When sitting down to take the SSAT and the ISEE, there can be a lot to think about. Perhaps there are intimidating math problems that look unfamiliar staring you in the face; maybe the reading passages seem more complex than those you have seen in English class; perhaps reading the essay questions causes a mental block.
No matter what, though, preparing for these tests should start in only one place: vocabulary.
While it is certainly possible for some students that this section is the easiest, there can be no prep plan until a student understands where they fit into the vocabulary landscape. And, more to the point, this is the section that will take the most brute force learning (i.e. memorization), and therefore has the longest timeline for most students.
Starting down the path to vocabulary excellence can be long and daunting, but there are shortcuts along the way! Before even deciding which test you are taking or getting into the nitty gritty of the Verbal sections, students can get off to a fast start by starting to chip away at these sections now.
Here are three activities that you can begin right now to build your knowledge and increase your arsenal of words:
No matter what test you are taking, the goal of the vocabulary section is to measure the words that a student can identify and utilize. What better way to prepare for this than tracking the words they are unable to identify and utilize?
A vocabulary journal is a place where students can record, define, and study words that they encounter outside their vocabulary. These words may come from books they are reading, conversations they have, television shows, movies, magazines, or really anywhere!
The idea is that if a student begins to notice the words they are unfamiliar with and slowly conquer them, then they will be much more prepared to enter into test prep. They will have not only chipped away at the part of the material they don’t know, but they will have also raised their confidence and gotten used to working with uncomfortable and unfamiliar words.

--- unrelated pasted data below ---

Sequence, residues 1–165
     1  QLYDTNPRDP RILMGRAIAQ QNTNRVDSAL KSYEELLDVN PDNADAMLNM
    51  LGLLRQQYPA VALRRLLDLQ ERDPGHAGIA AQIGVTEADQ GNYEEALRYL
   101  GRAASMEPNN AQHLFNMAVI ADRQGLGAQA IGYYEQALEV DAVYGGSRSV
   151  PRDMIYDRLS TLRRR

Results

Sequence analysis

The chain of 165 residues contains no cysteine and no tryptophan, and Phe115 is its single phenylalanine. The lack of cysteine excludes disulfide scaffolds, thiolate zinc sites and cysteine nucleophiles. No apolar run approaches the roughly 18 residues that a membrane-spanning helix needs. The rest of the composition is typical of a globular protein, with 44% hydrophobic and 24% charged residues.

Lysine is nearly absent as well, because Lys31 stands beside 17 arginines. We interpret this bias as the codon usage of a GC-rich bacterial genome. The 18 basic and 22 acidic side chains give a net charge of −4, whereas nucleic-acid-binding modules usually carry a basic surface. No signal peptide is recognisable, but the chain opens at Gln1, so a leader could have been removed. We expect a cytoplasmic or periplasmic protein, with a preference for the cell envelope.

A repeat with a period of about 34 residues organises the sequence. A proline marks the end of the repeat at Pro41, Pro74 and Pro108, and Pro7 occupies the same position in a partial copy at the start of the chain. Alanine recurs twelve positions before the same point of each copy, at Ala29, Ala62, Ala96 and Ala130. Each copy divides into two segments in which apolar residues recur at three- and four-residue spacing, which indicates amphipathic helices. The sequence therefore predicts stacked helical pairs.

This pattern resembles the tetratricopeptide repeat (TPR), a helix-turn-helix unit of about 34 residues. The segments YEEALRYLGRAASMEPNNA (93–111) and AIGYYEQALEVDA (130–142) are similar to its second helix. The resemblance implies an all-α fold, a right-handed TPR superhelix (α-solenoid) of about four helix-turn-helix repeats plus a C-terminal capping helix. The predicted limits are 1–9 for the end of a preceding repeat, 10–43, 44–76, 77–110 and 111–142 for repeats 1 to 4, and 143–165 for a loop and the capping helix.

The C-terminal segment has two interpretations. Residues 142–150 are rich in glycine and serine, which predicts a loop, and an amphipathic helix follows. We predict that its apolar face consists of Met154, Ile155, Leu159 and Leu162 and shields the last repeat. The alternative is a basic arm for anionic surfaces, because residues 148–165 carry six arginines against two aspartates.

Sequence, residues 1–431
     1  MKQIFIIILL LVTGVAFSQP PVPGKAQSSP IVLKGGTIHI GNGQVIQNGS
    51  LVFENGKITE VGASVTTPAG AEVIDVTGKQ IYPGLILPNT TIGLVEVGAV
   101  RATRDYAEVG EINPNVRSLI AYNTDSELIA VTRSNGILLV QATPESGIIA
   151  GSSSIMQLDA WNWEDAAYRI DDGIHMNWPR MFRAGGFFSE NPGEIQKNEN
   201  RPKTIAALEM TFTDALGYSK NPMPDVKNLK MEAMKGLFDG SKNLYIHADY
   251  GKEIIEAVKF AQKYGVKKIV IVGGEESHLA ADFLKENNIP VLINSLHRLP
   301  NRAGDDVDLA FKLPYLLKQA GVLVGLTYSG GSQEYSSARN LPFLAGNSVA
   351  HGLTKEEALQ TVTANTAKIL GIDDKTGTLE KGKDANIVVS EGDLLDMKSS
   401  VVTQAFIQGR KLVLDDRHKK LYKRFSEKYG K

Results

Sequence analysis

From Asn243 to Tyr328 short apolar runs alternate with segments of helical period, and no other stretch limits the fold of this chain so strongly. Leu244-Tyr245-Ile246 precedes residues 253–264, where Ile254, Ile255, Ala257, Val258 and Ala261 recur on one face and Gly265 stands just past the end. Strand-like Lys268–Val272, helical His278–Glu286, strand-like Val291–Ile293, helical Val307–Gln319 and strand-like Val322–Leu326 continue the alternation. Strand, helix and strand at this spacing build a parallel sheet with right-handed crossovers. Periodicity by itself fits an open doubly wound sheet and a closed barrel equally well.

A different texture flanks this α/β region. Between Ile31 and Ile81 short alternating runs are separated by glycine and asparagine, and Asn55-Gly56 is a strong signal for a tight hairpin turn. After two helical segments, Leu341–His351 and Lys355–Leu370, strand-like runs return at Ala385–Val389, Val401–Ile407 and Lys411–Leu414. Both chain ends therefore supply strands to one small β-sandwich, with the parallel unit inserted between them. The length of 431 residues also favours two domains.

This is something that your student can start today and something that they can continue for years to come!
Did you know that the root word spec means “to look”? If you do, it makes it much easier to understand words like spectacular, spectacle, spectator, inspect, and even perspective!
Suffixes, prefixes, and root words are a great way for students to build knowledge quickly and to be able to feel more comfortable with words in general. The benefits are twofold.
First, students will be able to understand the nature of words they might not have studied and will be working towards cracking multiple words at once. Instead of memorizing the definitions of a hundred words, students might be able to study ten prefixes, ten suffixes, and twenty roots to get the same effect.
Second, the beauty of this strategy is that it can make students more comfortable when they don’t recognize all the words in a question on the test. When they are able to eliminate answer choices and make educated guesses without having seen a word before, students will be empowered to feel like they can get any question the test throws at them.
At the end of the day, this strategy is about building vocabulary one block at a time. For students crunched on time, those with a large gap in knowledge, or ones trying to squeeze out the final few points from the section, it provides a different way to look at words that can efficiently lead to a broader understanding.
And of course, no vocabulary building activity list would be complete without reading!
It may be a message that has been told to students a million times before, but that’s because it works. Reading is the easiest and most effective way to build a vocabulary and is something all students should be doing. With that being said, this recommendation goes beyond just telling your student to pick up a book!
With modern-day technologies, it is possible to find the material that advances your students reading levels and vocabulary one step at a time. Through methods such as The Lexile Reading Framework (https://lexile.com), you can find your student’s placement on the reading scale and have them begin reading short pieces that lie just on the edge of their abilities. By slowly building the difficulty in the reading, a student can grow their reading levels while simultaneously facing a new and more challenging set of vocabulary each time!
The best part of a process like this is that it can be achieved through just a short time commitment each day, and the content can be tailored to different interests.
While reading is certainly helpful in almost any situation, targeting students’ reading levels to push their boundaries can have positive ramifications throughout their acquisition of language. Ultimately, this will not only build their vocabulary, but their confidence as well!